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By Shane Lasley
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The China rare earths dragon awakens

Dragonbridge executes online attack on US rare earth interests Metal Tech News - June 30, 2022

 

Last updated 7/12/2022 at 3:21pm

Image of a dragon in front of the flag for the People’s Republic of China.

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China-based Dragonbridge has launched a campaign targeting companies advancing rare earths mining and processing projects in the United States and Canada.

Dragonbridge executes online attack on US rare earth interests

Dragonbridge, a cybernetwork that pushes online narratives in support of the People's Republic of China's political interests, has launched a campaign targeting companies advancing rare earths mining and processing projects in the United States and Canada.

Mandiant, a globally recognized leader in cybersecurity, first began investigating Dragonbridge's incursion into the North American rare earths space when it identified a social media campaign criticizing Lynas Rare Earths Ltd. and calling for protests of the Australia-based mining company's plans to build a rare earths processing facility in Texas.

Over the past month, Mandiant noticed that Dragonbridge operatives have also begun targeting Appia Rare Earths & Uranium Corp., a company exploring a rare earths-gallium project in Saskatchewan, and USA Rare Earth LLC, which is advancing a rare earths mine in Texas and processing facility in Oklahoma, with similar campaigns of negative messaging and disinformation.

With a network that includes thousands of inauthentic social media accounts and websites, Dragonbridge operatives pose as local residents and others concerned about potential environmental and health risks by these rare earth projects being advanced by Lynas, Appia, and USA Rare Earth.

Mandiant alerted all three companies about the Dragonbridge campaign, along with social media platforms where the rare earths disinformation operations are being promoted.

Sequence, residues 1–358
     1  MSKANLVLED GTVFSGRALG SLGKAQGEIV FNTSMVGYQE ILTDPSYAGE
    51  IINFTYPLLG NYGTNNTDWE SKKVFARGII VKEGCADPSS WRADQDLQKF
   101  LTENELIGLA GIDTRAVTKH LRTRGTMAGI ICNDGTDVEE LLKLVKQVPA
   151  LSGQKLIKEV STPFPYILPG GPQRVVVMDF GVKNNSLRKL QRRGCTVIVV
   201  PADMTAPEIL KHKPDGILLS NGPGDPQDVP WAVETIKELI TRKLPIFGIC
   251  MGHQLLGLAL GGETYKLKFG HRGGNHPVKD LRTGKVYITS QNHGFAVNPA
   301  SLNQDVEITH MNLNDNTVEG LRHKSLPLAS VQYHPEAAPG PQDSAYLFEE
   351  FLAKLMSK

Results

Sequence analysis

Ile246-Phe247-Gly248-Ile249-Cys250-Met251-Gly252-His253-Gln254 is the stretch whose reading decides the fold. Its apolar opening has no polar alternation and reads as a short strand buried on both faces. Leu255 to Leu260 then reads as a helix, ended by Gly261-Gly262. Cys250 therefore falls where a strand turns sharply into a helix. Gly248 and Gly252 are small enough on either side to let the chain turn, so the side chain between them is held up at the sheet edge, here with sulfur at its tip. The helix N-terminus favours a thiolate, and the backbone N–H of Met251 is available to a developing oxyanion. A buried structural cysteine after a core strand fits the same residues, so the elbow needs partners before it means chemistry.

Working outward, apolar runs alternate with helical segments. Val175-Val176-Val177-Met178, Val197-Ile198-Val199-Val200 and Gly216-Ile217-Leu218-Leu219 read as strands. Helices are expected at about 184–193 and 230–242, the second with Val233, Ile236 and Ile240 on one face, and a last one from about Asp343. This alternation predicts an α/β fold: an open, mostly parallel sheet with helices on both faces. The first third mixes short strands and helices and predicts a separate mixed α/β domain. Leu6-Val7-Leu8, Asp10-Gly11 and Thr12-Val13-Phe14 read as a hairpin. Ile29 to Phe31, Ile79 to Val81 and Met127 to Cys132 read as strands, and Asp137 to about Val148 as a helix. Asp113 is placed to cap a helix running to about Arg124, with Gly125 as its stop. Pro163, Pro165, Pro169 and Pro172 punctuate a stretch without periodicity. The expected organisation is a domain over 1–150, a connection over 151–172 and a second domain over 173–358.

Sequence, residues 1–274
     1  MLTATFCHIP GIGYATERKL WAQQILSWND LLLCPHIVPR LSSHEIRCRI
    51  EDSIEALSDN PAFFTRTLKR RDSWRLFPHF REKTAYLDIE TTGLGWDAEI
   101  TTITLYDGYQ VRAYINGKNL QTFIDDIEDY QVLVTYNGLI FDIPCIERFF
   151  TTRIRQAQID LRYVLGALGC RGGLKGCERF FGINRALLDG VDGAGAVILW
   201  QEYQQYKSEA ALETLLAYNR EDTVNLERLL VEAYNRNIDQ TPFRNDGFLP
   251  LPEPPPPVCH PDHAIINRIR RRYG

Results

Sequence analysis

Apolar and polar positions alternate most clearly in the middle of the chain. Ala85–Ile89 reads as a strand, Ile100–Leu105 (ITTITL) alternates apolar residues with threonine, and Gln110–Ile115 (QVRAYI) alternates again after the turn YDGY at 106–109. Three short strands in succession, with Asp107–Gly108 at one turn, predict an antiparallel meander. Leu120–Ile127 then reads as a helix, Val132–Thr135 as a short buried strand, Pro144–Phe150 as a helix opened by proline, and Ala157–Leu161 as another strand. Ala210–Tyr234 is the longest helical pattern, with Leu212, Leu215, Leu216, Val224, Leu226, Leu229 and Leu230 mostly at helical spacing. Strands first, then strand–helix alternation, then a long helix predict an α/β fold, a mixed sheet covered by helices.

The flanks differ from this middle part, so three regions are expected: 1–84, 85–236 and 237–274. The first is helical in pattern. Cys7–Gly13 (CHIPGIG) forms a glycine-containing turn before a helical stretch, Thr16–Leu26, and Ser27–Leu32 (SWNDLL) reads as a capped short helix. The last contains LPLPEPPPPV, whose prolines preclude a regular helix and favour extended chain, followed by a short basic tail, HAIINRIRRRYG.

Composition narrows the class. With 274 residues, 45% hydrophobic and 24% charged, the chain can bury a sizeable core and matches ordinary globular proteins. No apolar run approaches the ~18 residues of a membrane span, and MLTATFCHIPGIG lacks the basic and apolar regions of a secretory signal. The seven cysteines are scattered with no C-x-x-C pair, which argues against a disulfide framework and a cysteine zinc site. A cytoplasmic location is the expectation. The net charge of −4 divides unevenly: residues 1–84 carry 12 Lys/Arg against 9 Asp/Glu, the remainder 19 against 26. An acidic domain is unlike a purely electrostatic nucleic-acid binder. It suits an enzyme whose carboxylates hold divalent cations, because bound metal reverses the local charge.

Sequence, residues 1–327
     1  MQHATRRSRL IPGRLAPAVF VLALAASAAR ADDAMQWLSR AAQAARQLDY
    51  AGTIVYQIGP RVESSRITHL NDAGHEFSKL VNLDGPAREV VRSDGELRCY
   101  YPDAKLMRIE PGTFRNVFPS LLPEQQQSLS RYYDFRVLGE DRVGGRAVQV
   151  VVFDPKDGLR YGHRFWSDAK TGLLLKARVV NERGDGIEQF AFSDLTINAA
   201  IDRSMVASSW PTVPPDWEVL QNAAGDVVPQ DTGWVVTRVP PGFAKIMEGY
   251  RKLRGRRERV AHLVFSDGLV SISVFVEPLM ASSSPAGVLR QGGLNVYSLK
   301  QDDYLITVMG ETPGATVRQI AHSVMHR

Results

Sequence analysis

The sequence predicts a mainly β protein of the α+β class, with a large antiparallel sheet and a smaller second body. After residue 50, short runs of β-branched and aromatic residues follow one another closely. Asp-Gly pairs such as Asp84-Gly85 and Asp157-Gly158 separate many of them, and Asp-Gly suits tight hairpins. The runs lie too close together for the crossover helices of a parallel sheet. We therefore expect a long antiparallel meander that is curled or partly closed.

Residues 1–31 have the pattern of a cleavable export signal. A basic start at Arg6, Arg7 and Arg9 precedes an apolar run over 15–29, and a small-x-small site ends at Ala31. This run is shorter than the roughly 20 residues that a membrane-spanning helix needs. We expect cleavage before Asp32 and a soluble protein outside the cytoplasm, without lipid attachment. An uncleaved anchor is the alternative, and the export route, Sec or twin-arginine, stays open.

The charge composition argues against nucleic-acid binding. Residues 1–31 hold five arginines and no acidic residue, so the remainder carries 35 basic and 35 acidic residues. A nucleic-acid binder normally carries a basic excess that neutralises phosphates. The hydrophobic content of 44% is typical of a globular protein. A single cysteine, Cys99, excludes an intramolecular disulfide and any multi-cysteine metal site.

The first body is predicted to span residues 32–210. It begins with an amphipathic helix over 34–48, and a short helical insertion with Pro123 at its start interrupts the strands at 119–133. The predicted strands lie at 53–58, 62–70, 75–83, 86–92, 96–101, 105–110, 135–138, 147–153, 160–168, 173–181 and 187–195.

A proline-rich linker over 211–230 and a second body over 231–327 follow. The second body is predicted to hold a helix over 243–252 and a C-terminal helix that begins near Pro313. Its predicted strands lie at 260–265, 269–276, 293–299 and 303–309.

Pini Althaus, founder and advisor at USA Rare Earth, says he is not surprised by a China-sponsored campaign to sabotage and spy upon companies at the forefront of developing the burgeoning rare earths sector in North America.

"Sadly, it is a given," he posted in a LinkedIn response to a The Washington Post article on the Dragonbridge attack.

According to Mandiant, the Dragonbridge campaign also promoted content criticizing the Biden administration's March decision to invoke the Defense Production Act to expedite the domestic production of critical minerals to end U.S. reliance on China for its supply of these needed materials.

Mandiant, which is being acquired by Google to complement Google Cloud's existing strengths in cybersecurity, has been following Dragonbridge campaigns for three years now. The cybersecurity firm, however, says the campaigns aimed at protecting China's rare earths interests are more targeted, sophisticated, and nuanced than previous attacks by the group.

"Dragonbridge's targeting of the rare earths industry broadly, and Lynas, Appia, and USA Rare Earth specifically, demonstrates an interest in industries of strategic importance to the PRC that we had not previously observed from the campaign," Mandiant inked in a June 28 blog.

"Additionally, the Dragonbridge campaign has in this activity set demonstrated the use of incrementally more sophisticated tactics, such as the microtargeting of audiences favorable to its messaging and the leveraging of criticism by real individuals to support its narratives and agenda."

Rise of the rare earth dragon

Given the economic and geopolitical clout rare earths provide the People's Republic of China, it is no surprise that the government would sponsor a social media attack on projects that threaten this leverage.

Recognizing the economic and strategic importance of rare earths as far back as the 1960s, China positioned itself to be a global powerhouse in the mining and processing of this group of 15 elements critical to a broad array of modern household, high-tech, and military devices.

"The Middle East has its oil, China has rare earth," People's Republic of China leader Deng Xiaoping famously said in 1992. "China's rare earth deposits account for 80% of identified global reserves, you can compare the status of these reserves to that of oil in the Middle East ... we must be sure to handle the rare earth issue properly and make the fullest use of our country's advantage in rare earth resources."

In the years to follow, China did just that. By the turn of the 21st century, China had established a near-total monopoly on the mining and separation of rare earths.